On February 2, 1887, Groundhog Day, featuring a rodent meteorologist, is celebrated for the first time at Gobbler’s Knob in Punxsutawney, Pennsylvania.
Groundhog Day is perhaps one of America’s weirdest traditions. On the second day of February every year, people in the US and Canada wait for a large, furry rodent to predict the upcoming weather and change of seasons.
To see or not to see
According to tradition, if a groundhog comes out of its hole on this day and sees its shadow there will be six more weeks of winter weather; no shadow means an early spring.
Falling midway between the winter solstice and the spring equinox, February 2 is a significant day in several ancient and modern traditions. The Celts, for instance, celebrated it as Imbolc, a pagan festival marking the beginning of spring.
As Christianity spread through Europe, Imbolc evolved into Candlemas, when clergy would bless and distribute candles needed for winter. The candles represented how long and cold the winter would be. In certain parts of Europe, Christians believed that a sunny Candlemas meant another 40 days of cold and snow.
The Pennsylvania Dutch touch
Germans developed their own take on the legend, pronouncing the day sunny only if badgers and other small animals glimpsed their own shadows. When German immigrants settled Pennsylvania in the 18th and 19th centuries (Pennsylvania Germans, aka Pennsylvania Dutch) they brought the custom with them, choosing the plentiful Pennsylvania native groundhog as the annual forecaster.
A little trivia
Groundhogs, also called woodchucks, typically weigh 12 to 15 pounds and live up to 10 years. They are one of 14 species of marmots (Marmota monax), considered basically a giant North American ground squirrel. They eat vegetables and fruits, whistle when they’re frightened or looking for a mate (they’re sometimes called “whistle pigs”) and can climb trees and swim.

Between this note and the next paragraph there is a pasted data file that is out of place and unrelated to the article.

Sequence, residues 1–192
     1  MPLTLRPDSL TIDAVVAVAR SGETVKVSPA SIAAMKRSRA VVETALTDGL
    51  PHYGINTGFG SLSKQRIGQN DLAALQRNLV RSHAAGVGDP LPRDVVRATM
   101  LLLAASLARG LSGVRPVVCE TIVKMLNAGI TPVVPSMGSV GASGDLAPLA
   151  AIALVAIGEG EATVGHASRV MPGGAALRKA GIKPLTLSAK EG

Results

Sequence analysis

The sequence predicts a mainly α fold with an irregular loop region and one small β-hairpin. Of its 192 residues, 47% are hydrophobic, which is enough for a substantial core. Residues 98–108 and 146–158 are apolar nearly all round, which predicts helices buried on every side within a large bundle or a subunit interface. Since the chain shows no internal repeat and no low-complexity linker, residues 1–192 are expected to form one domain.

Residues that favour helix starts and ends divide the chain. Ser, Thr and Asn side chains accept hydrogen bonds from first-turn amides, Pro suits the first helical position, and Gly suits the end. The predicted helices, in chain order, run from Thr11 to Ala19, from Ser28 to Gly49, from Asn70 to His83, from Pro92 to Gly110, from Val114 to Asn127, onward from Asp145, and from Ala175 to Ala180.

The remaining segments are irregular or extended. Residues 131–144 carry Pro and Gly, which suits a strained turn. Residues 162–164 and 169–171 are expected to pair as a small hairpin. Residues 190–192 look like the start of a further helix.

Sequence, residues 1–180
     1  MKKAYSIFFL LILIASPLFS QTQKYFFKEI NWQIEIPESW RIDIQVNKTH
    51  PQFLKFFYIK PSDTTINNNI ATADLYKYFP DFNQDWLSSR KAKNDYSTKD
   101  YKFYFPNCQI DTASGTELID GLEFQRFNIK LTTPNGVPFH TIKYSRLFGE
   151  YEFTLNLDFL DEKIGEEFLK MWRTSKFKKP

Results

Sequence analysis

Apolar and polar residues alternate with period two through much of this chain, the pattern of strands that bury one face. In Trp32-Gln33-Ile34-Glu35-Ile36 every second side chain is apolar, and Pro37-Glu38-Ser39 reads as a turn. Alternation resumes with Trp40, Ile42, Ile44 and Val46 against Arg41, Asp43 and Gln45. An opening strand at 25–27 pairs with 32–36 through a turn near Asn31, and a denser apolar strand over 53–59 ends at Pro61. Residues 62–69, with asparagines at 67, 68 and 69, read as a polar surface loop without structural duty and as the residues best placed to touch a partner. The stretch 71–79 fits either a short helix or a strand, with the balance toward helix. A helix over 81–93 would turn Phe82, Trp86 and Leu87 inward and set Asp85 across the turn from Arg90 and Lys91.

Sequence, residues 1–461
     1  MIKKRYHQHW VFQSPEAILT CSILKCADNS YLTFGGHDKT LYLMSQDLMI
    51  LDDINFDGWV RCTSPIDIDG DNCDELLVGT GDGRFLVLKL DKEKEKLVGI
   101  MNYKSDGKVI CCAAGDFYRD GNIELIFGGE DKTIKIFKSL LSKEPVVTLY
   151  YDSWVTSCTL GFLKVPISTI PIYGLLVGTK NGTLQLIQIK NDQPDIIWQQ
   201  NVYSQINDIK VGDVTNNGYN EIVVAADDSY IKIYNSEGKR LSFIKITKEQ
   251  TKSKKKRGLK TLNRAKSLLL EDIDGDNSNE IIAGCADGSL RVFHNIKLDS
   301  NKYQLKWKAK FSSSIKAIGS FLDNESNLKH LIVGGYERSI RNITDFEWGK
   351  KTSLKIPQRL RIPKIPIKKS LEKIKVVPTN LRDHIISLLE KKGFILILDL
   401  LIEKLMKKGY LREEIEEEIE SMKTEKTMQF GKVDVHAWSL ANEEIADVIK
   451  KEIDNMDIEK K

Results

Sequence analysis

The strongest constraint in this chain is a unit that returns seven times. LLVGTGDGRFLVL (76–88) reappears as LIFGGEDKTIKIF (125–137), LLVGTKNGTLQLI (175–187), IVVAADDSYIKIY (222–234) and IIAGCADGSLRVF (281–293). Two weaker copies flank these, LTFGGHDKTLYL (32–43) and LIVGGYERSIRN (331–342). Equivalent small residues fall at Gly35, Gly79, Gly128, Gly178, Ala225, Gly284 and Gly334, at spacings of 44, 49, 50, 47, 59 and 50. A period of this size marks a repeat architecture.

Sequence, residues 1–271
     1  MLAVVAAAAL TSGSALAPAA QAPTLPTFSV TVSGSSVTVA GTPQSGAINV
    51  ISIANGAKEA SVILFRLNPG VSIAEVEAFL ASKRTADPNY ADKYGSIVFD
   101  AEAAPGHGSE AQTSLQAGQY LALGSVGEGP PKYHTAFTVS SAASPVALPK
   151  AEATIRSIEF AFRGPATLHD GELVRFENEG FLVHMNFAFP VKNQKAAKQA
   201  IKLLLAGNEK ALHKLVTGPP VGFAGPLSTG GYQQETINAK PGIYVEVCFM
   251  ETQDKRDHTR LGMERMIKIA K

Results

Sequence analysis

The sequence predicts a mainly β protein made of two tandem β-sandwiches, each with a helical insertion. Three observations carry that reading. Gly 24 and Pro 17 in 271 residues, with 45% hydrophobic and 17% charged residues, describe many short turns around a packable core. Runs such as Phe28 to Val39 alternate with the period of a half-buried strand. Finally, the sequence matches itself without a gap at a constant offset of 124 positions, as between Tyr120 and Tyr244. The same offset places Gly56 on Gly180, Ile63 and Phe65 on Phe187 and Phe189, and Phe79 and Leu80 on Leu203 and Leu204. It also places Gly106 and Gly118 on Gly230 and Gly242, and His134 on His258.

Groundhogs go into hibernation in the late fall; during this time, their body temperatures drop significantly, their heartbeats slow from 80 to five beats per minute and they can lose 30 percent of their body fat.
In February, male groundhogs emerge from their burrows to look for a mate before going underground again. They come out of hibernation for good in March.
Way back when
The first official Groundhog Day celebration back in 1887 was the brainchild of local newspaper editor Clymer Freas, who sold a group of businessmen and groundhog hunters—known collectively as the Punxsutawney Groundhog Club—on the idea.
The men trekked to a site called Gobbler’s Knob, where the inaugural groundhog became the bearer of bad news when he saw his shadow.
These days, the yearly festivities in Punxsutawney are presided over by a band of local dignitaries known as the Inner Circle. Its members wear top hats and conduct the official proceedings in the Pennsylvania Dutch dialect, supposedly speaking to the groundhog in “Groundhog-ese.”
A swell of visitors
Every Groundhog Day, tens of thousands of spectators descend on Punxsutawney, Pennsylvania — a borough that’s home to some 6,000 people normally — to attend Groundhog Day events. Many people are familiar with the town and the day thanks to the 1993 film Groundhog Day starring Bill Murray. (which was actually filmed in Woodstock, Illinois.)
Trust the meteorologists
While sunny winter days are an indication of colder, drier air, tune in to your local weather channel for the actual prediction of the weather; studies by the National Climatic Data Center and the Canadian weather service show Punxsutawney Phil’s “success rate” at accurate predictions to be only around 40 percent.
Phil feed – live on the web
If you can’t make it to Gobbler’s Knob in person, fans of Punxsutawney Phil can witness his arrival and prediction in real time this February 2nd starting at 5:45 am (Eastern Time) thanks to a live stream provided by Visit Pennsylvania.
I’m Lori Fogg
“A Coalcracker In The Kitchen”
Born and raised “a coal miner’s daughter” in Schuylkill County in the Anthracite Region of Pennsylvania, I love to share recipes and memories of home with fellow “coalcrackers” and celebrate our unique blending of Eastern European and Pennsylvania Dutch heritage and cuisines here in northeast Pennsylvania.